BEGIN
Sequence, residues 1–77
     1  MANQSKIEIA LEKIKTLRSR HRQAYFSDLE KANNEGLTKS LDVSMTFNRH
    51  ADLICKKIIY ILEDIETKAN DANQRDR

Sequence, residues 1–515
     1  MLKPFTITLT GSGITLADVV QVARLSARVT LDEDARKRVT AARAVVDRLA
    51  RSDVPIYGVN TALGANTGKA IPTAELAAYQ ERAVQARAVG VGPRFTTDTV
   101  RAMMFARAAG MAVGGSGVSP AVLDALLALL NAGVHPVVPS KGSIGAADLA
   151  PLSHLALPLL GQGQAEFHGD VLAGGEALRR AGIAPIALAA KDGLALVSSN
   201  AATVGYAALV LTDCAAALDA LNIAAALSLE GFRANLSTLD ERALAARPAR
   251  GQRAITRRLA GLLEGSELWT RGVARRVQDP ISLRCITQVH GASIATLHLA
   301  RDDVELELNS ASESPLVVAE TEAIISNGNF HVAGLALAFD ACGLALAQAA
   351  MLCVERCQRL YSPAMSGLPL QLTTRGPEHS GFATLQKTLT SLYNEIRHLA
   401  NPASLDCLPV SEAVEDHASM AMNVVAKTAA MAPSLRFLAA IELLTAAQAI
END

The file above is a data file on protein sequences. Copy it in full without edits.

Sequence, residues 1–77
     1  MANQSKIEIA LEKIKTLRSR HRQAYFSDLE KANNEGLTKS LDVSMTFNRH
    51  ADLICKKIIY ILEDIETKAN DANQRDR

Sequence, residues 1–515
     1  MLKPFTITLT GSGITLADVV QVARLSARVT LDEDARKRVT AARAVVDRLA
    51  RSDVPIYGVN TALGANTGKA IPTAELAAYQ ERAVQARAVG VGPRFTTDTV
   101  RAMMFARAAG MAVGGSGVSP AVLDALLALL NAGVHPVVPS KGSIGAADLA
   151  PLSHLALPLL GQGQAEFHGD VLAGGEALRR AGIAPIALAA KDGLALVSSN
   201  AATVGYAALV LTDCAAALDA LNIAAALSLE GFRANLSTLD ERALAARPAR
   251  GQRAITRRLA GLLEGSELWT RGVARRVQDP ISLRCITQVH GASIATLHLA
   301  RDDVELELNS ASESPLVVAE TEAIISNGNF HVAGLALAFD ACGLALAQAA
   351  MLCVERCQRL YSPAMSGLPL QLTTRGPEHS GFATLQKTLT SLYNEIRHLA
   401  NPASLDCLPV SEAVEDHASM AMNVVAKTAA MAPSLRFLAA IELLTAAQAI